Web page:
That’s Not Yoga

Not Yoga

As Wasatch School of Yoga’s Year of Yoga begins Staurday, a post on what Yoga is and is not would be helpful about now.  None of what you see in the image above is Yoga.

Most of us have been taught that all of what you see above is Yoga, nope.  Now, before you run to grab the pitchforks, torches, tar and feathers to run me out of town think about this:  Yoga cannot be seen.  What?!

Yoga cannot be seen.  Patañjali writes this to define what Yoga is:

1.2 Yoga is the stilling of the modifications of the mind.
1.3 Then the Seer abides in its own true nature.
1.4 At other times, the Seer appears to take on the forms of the modifications of the mind.

Patañjali Yoga Sutra 1.2-4

natarajadancingshiva64fYoga happens inside, out of sight; so, it cannot be seen.  What then are all those ethics and postures and breathing exercises and meditations?  Patañjali calls them the 8 limbs of Yoga.  I’ve heard many descriptions of how these limbs work:  That they’re like limbs on a tree or steps leading from one to another or rungs on a ladder.  When someone first sees a statue of Nataraja, what they often first notice is his four arms.  Nataraja has six limbs and those limbs allow him to act—there have been plenty of times in the last week when it would have been handy to have four hands!

toolboxNataraja’s limbs, all six, allow him to dance.  Nataraja means lord of the dance.  His limbs are not, however, the dance itself.  His limbs are the tools of his dance.  The Yamas, Niyamas, Asanas, Pranayama, Pratyahara, Dharana, Dhyana and even Samadhi are not Yoga.  They are the limbs of Yoga, the tools of Yoga.  They are not even the only tools of Yoga!  Bhakta Yoga uses love, devotion and service as its tools.  Jnana Yoga uses knowledge, wisdom and contemplation as its tools.  Karma Yoga (which includes Hatha Yoga) uses all action as its tool.  Raja Yoga uses them all with meditation as its tools.  So many tools!  But, there’s more!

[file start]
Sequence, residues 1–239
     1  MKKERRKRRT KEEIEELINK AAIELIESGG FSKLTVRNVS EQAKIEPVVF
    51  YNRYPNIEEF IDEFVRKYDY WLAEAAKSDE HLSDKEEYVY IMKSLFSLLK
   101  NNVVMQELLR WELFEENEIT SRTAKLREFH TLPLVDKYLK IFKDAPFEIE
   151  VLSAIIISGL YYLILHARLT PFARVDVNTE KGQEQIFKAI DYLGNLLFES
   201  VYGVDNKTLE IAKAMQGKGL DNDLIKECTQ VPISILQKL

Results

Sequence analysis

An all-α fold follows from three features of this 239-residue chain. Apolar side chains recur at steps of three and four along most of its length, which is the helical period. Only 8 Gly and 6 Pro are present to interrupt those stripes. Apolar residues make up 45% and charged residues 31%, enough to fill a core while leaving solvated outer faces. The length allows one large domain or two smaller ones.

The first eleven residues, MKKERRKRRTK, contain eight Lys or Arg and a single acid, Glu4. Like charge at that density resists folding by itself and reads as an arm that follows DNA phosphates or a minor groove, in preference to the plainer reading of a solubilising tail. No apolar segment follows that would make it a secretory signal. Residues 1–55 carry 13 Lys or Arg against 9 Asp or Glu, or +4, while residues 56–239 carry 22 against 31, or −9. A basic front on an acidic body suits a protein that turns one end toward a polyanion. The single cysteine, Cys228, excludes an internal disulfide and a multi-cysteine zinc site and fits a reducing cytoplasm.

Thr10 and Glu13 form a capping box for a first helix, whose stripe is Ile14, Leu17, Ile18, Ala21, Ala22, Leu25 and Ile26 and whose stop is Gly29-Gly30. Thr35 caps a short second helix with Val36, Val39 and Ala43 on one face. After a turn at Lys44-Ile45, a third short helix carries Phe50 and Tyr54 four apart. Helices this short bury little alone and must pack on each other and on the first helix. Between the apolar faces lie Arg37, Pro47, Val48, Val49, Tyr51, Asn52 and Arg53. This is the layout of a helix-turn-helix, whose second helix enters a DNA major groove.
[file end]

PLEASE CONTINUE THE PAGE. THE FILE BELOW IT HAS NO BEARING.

In the Bhagavad Gita 2.48 & 50, Krishna tells Arjuna that “Yoga is evenness of mind” and that “That skill [evenness of mind] in action is Yoga.”  This means any action performed with an evenness of mind—Yoga is the stilling of the modifications of the mind—is Yoga.  The images at the top are not Yoga, they are possible tools of Yoga.  They are places where Yoga may be experienced but so is washing the dishes or driving a car.  If anything can become a tool of Yoga, then why take the time to practice on a mat at all?

Sadhana, devoted practice, is key to Yoga.  When was the last time that your mind was even or still while driving or while washing the dishes?  Devoting time to intentionally learning to still the mind is required to be able to carry that experience into everyday life so that every moment of life becomes Yoga, Everyday Yoga.

Tomorrow I’ll share a bit about the various tools of Yoga.

Jai Bhagwan!